The Journal of Online Mathematics and Its Applications, Volume 7 (2007)

Creating Mathlets with Open Source Tools, Markus Hohenwarter and Judith Preinder

We are currently using the following environment of open source tools and collaborative software with mathematics teachers in the NSF math and science partnership project Standards Mapped Graduate Education and Mentoring of Florida Atlantic University and The Broward County School District. Our environment consists of the following parts that are used by the teachers in this project to create and edit interactive online materials.

- GeoGebra: an open source software for dynamic geometry, algebra and calculus
- NVU: an open source software for creating and editing web pages
- GeoGebraWiki: an open pool of materials for online collaboration of teachers (based on MediaWiki)
- GeoGebra User Forum: an online forum for users of GeoGebra (based on phpBB)

GeoGebra is an easy-to-use tool for learning and teaching mathematics that lets you export interactive web pages, so called *dynamic worksheets*. These mathlets can then be changed and extended using GeoGebra, a text editor or html editor (e.g. NVU). The GeoGebraWiki is a pool of materials that allows everyone to contribute their own creations or take an existing worksheet and produce a customized version. In the user forum educators can help each other with specific questions. By using collaborative software like a wiki and a forum, we want to support cooperation among teachers by giving them the opportunity to share their ideas and materials as well as discuss problems and solutions.

Our dynamic worksheets usually consist of an interactive applet together with a short description of the mathematical situation and several questions. Students should then work on these questions by using the applet for mathematical experiments.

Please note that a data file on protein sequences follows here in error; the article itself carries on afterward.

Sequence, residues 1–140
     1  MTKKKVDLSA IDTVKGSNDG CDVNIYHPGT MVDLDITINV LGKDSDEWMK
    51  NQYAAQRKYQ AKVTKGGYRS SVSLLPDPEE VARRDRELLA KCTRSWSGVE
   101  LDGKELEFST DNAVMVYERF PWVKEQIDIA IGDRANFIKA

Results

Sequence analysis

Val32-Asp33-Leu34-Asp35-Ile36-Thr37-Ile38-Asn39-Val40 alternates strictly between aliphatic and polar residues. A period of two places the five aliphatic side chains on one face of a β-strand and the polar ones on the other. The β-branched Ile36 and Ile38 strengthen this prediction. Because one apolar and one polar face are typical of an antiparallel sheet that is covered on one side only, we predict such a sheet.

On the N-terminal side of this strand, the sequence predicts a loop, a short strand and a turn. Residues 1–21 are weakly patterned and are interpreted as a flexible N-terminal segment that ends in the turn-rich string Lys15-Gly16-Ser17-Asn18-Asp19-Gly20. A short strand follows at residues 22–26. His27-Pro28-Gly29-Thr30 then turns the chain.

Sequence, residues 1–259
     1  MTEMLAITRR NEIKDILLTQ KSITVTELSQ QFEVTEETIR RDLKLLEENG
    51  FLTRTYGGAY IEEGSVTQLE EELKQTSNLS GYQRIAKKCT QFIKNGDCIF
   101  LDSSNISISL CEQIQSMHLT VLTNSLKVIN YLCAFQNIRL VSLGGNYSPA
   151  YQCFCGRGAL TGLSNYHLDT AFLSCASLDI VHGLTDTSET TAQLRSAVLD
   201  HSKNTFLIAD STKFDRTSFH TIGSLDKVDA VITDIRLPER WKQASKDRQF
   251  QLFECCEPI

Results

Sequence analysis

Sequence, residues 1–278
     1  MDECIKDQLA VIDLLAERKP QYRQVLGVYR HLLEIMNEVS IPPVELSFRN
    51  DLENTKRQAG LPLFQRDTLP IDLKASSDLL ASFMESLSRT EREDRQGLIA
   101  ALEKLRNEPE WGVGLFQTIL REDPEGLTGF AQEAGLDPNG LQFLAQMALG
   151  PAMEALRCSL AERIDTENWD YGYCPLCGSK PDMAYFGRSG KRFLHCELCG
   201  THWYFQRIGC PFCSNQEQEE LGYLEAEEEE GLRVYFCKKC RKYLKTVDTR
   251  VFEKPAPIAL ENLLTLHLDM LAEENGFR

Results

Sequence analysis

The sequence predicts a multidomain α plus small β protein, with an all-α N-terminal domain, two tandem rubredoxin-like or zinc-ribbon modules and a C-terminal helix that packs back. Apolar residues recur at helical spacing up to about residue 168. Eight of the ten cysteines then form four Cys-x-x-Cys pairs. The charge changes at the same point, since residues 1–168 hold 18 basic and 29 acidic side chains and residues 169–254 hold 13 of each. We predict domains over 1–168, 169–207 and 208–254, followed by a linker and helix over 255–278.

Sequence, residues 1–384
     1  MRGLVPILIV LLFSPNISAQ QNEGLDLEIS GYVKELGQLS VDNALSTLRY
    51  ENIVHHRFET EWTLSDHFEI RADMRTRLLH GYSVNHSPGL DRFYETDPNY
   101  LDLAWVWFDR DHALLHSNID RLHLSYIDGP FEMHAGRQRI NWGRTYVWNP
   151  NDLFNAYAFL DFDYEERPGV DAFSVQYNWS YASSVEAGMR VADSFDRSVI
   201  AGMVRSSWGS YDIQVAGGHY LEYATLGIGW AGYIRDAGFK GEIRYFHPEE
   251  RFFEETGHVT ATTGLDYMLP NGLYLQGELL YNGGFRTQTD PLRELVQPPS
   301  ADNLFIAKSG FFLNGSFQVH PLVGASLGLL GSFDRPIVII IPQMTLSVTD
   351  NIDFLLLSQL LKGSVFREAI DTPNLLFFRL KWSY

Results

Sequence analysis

Discovery learning is a type of learning where learners construct their own knowledge by experimenting with a domain, and inferring rules from the results of these experiments. The basic idea of this kind of learning is that because learners can design their own experiments in the domain and infer the rules of the domain themselves, they are actually constructing their knowledge. Because of these constructive activities, it is assumed they will understand the domain at a higher level than when the necessary information is just presented by a teacher or an expository learning environment. (van Joolingen 1999, p. 386)

Although this open approach of discovery learning is desirable from an educational point of view, we have to make sure that students don't get lost due to a lack of guidance. Therefore, we are using a *guided discovery learning* approach where we provide a series of specific questions or tasks to guide the students' experiments. In this way, they can make step by step discoveries towards a predetermined goal with a minimum risk of failure.

In the following sections we will explain how to create and modify dynamic worksheets by looking at a series of examples. We will also discuss design principles for multimedia learning and present several guidelines for the creation of effective materials based on our experiences with the teachers in our NSF project.